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Middle-Ages: Medical knowledge, including that of massage, made its way from Rome to Persia in the Middle Ages. Many of Galen's manuscripts, for instance, were collected and translated by Hunayn ibn Ishaq in the 9th century. Later in the 11th century copies were translated back into Latin, and again in the 15th and 16th centuries, when they helped enlighten European scholars as to the achievements of the Ancient Greeks. This renewal of the Galenic tradition during the Renaissance played a very important part in the rise of modern science.
Sports massage is a type of massage that can alleviate pain occurring in certain parts of the body, which can be caused by too much physical activity. This type of massage was originally developed to serve athletes as a way to prevent and relieve injuries, but both athletes and non-athletes can gain physiological and psychological benefits from receiving sports massage therapy.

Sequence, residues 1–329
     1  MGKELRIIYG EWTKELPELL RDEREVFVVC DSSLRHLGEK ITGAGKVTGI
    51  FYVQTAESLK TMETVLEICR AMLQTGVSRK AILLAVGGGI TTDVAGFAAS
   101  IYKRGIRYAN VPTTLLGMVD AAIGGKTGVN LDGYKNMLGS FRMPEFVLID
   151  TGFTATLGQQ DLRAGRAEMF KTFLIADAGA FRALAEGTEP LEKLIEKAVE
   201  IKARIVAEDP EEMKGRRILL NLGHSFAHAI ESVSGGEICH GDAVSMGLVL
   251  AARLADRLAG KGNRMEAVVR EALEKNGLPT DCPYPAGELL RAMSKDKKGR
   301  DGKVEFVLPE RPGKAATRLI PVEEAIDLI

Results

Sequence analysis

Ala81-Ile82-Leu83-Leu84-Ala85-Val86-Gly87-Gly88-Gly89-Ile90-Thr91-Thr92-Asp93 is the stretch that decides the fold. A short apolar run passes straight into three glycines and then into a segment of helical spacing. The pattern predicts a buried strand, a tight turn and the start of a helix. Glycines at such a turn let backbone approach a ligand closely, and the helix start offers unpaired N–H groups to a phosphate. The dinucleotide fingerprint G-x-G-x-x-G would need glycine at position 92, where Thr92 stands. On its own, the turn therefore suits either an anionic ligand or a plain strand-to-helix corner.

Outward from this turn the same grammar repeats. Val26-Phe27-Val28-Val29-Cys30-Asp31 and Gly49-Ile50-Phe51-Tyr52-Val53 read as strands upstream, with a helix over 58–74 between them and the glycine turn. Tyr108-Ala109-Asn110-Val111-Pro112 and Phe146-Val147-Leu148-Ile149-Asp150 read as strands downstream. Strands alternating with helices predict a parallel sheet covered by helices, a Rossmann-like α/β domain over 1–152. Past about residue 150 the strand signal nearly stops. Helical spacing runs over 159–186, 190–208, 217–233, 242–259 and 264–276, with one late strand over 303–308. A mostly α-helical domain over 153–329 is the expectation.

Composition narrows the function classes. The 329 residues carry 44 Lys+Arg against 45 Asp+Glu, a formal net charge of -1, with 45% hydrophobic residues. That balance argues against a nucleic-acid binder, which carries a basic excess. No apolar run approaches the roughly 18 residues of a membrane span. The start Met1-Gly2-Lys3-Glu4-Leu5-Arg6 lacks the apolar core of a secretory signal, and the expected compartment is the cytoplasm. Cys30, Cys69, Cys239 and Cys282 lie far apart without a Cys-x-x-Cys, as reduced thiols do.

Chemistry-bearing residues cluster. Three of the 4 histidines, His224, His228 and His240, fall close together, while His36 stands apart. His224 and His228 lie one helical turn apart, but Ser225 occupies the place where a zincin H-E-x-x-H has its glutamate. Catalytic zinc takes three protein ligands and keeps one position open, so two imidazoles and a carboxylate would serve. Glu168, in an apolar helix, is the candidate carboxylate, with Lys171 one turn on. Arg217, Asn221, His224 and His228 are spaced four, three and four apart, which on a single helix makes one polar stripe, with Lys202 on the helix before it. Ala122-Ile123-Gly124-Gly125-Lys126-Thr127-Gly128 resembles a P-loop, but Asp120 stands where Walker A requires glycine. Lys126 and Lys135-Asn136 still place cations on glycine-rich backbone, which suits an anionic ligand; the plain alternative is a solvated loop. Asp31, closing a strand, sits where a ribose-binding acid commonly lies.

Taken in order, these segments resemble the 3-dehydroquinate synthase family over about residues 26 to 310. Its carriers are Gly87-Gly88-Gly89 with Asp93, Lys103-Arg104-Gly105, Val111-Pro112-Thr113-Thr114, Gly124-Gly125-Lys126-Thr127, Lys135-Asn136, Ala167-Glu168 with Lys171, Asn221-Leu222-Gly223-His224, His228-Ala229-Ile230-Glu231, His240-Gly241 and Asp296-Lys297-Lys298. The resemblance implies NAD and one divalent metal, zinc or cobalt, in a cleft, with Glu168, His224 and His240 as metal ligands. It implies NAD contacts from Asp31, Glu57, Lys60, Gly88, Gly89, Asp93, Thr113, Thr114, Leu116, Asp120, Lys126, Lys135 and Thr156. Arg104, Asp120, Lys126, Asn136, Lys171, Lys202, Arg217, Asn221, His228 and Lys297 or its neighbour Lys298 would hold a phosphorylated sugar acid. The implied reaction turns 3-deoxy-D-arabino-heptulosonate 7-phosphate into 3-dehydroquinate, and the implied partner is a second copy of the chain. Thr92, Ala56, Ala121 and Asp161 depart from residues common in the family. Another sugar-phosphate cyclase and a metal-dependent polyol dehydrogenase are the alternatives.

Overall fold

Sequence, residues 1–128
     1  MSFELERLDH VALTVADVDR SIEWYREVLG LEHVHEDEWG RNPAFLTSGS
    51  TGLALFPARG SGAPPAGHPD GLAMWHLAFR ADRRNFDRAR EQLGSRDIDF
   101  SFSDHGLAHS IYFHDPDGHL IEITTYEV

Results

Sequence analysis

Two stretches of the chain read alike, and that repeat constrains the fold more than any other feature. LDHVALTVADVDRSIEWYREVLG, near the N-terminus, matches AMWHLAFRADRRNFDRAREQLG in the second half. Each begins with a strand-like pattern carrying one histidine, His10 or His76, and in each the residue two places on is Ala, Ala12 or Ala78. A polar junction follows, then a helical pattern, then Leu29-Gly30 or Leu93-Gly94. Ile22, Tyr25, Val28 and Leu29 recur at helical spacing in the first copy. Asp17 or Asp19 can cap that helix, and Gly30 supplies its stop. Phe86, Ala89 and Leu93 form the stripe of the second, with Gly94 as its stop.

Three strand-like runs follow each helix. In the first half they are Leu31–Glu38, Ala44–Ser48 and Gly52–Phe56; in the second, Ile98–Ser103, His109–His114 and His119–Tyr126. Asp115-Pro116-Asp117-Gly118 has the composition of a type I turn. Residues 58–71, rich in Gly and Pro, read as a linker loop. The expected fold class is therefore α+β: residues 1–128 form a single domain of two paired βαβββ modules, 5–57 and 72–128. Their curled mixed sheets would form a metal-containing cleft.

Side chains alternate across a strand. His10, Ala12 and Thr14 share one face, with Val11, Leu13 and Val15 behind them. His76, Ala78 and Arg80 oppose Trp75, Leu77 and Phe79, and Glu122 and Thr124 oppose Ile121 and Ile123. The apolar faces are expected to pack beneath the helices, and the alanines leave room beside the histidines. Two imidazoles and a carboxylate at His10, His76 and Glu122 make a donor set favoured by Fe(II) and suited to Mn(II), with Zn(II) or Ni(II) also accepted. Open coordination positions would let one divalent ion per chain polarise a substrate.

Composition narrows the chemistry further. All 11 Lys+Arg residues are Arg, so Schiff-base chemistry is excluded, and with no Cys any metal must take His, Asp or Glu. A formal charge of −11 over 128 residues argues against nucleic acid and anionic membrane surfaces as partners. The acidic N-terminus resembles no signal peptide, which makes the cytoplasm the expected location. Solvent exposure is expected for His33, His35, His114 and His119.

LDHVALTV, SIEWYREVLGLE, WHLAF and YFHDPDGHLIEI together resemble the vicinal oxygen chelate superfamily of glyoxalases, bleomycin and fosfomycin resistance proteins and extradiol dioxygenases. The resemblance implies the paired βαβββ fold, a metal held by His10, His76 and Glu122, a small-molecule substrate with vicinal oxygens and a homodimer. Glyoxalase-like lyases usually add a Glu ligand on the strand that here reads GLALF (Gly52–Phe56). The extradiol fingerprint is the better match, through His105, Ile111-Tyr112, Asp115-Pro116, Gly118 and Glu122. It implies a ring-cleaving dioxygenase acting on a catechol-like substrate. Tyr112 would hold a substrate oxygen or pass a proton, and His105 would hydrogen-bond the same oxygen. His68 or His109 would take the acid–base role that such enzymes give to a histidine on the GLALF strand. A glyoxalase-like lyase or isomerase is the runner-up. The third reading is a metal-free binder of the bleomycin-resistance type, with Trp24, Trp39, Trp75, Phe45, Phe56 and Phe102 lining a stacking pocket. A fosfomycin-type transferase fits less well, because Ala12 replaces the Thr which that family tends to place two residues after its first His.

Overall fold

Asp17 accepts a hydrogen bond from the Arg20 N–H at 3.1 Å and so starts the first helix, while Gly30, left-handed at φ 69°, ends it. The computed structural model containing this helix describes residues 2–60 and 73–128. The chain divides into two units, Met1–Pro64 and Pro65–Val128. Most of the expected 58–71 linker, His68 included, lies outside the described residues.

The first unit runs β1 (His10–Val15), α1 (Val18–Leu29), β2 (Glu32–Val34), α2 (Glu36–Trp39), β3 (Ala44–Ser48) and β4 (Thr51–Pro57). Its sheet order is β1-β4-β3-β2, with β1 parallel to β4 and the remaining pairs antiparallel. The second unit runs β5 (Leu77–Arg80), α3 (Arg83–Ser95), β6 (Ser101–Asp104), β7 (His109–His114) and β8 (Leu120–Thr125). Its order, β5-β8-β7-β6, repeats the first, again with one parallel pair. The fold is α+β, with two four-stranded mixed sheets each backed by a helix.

An effective maintenance program is based on the massage therapist's understanding of anatomy and kinesiology, combined with an expert knowledge of which muscles are used in a given sport and which are likely candidates for trouble. By zeroing in on particular muscle groups and working specific tissues, the sports massage therapist can help the athlete maintain or improve range of motion and muscle flexibility. The overall objective of a maintenance program is to help the athlete reach optimal performance through injury-free training.